In the mid-1980s I was a professional musician. I lived in in the Greenwich Village section of New York City with my best friend and musical collaborator, Michael Mazzarella. Our apartment sat on Bleecker Street, just around the corner from MacDougal.
We walked on sidewalks Bob Dylan, Jimi Hendrix, and Paul Simon had walked. We drank beer and played and socialized in bars and clubs where our heros had drunk beer and played and socialized years before.
Mine was a good life.
A career in aviation wasn’t available to me. At least that’s what I’d been led to believe.
It interested me, but I’d never enlisted in the military. I hadn’t been through basic training. The ways of the military pilot were as mysterious to me as the surface of the moon. And professional pilots all came from the ranks of the military. Or at least that was my understanding.
I was wrong.
It was a magazine article that set me straight. It was there, in the pages of an aviation magazine that I found out anyone can be a pilot. General aviation represented a branch of the industry of which I’d been totally unaware. Yet it had existed all along.
Once I found out about this new, wide open opportunity to fly, I was hooked.
Being a student pilot while living in New York City can be a challenge. Remaining motivated, however, was easy and inexpensive. At least it was for me.
I’ll credit Richard Bach with carrying the bulk of that load, in large part through a masterful pilot of his own invention, Donald Shimoda.
Donald came to life in a novel called “Illusions, the Adventures of a Reluctant Messiah.”
It was Donald who introduced me to the spiritual aspects of flight. He established the almost limitless scope of wonder that awaited me in the air, and made it clear that my journey would be uniquely different from that of any other pilot.
I was free to be me, on an adventure of my own making, which I would experience in my own way, and set my own standards for success.This sort of exploit was right up the alley of a long-haired guitar player who had little use for conventional methods of doing pretty much anything.
I read everything I could find with Richard Bach’s name on it. He became my mentor, whether he knew it or not.
And I revisited the wisdom of Donald Shimoda from time to time, finding myself more motivated and enthralled with each reading.
I once met a young woman on the subway who was also reading Illusions. We two strangers struck up a spirited conversation about the book right there on the E train. Which, for those who have been to New York know, is a very non-New York thing to do.
This is where things get a little weird. I got my first flying job in a small southern town I’d only heard of once. It’s known as Winter Haven, Florida, and it is the only place I have ever been that feels like home to me.
Before being hired to instruct primary students here all those years ago, I’d only seen a mention of this town one time, and that was in a book written by Richard Bach. He wrote about flying a BD-5 out of Winter Haven’s Gilbert Field — the same field where I came to land my first flying job.
It’s a small world, that’s for sure. But the story gets weirder, still.
After living here for a while I came to find that Richard really had lived right here, on the edge of Gilbert Field. He was fast friends with Jack Brown, the founder of the seaplane base that still bears his name, and lived in a house next door.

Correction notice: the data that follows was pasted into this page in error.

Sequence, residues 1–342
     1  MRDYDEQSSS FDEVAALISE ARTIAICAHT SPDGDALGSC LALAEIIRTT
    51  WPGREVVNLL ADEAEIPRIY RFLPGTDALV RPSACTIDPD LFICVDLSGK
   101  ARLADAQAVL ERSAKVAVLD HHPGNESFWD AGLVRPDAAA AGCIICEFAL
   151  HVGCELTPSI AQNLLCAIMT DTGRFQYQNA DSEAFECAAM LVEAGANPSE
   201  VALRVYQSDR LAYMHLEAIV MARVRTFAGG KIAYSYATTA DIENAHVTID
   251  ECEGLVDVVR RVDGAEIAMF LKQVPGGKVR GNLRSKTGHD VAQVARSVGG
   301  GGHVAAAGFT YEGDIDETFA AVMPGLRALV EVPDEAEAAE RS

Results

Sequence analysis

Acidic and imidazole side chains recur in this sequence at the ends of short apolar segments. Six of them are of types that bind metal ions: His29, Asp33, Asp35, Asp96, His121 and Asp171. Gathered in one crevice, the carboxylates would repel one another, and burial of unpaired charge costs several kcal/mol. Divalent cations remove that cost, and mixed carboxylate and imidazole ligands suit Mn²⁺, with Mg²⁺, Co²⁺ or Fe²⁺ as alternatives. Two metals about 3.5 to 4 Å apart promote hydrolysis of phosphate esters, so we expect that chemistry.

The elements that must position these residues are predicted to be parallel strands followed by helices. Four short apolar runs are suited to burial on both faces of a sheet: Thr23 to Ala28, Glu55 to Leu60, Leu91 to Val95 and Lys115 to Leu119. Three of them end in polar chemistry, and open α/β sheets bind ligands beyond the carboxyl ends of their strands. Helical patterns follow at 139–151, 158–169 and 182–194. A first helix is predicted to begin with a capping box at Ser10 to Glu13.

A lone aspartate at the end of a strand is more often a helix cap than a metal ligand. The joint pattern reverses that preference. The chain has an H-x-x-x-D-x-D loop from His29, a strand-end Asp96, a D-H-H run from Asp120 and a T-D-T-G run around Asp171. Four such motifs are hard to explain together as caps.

It was there that Richard wrote the book that proved to be my supreme inspiration, Illusions. Yes, Donald Shimoda came into being between Lake Jessie and Runway 11 at Gilbert Field. The place that came to be my home.
Wait, it gets better.
Although I’d visited the seaplane base often, it was years before I actually made the decision to go train for that ticket. But I eventually did, to my eternal good fortune.
I was doing my last instructional flight with my instructor, Eric, before I was scheduled for my check-ride. During the flight I asked Eric how he came to be working at the seaplane base. He was from Oklahoma, after all. Not exactly a hotbed of seaplane activity.
“I read a story in The Southern Aviator about Jack Brown’s Seaplane Base,” he told me. “I fell in love with the idea and so I came out to see if they’d hire me, and they did.”
Eric was quite pleased by the telling of his story. Knowing that I was southern and a pilot, he asked, “Did you ever read that story?” I replied honestly: “I wrote that story.”
Eric was shocked.
When we’d finished our debrief after the flight, I headed for the parking lot, to get my car and drive home. But my eye was captured by a slim gentleman in a baseball cap who was standing on the float of a Husky beached nearby. I watched him for a moment, as he fiddled with this and that in his airplane, until I realized the man was Richard Bach.
I introduced myself. I gifted him with a copy of my first novel, because I’m a bit of an idiot and it seemed like the appropriate thing to do. He was gracious, and kind, and welcoming. It turned out he had been flying out of Williams Air Force Base in Arizona at the same time my dad was, back when I was a baby.
And there we were, more than 40 years later, face-to-face, in the very place I’d read of him describing when I was living in Manhattan, dreaming of becoming a pilot.
It was an almost other-worldly experience.
The next day I took my check-ride. I passed. And Eric brought in a copy of the The Southern Aviator article I’d written years before, so that I might autograph it for him. We’d come full circle.
All of us.
I credit Donald Shimoda with the whole thing, and I think of him often. Sometimes, I wonder if Richard does, too.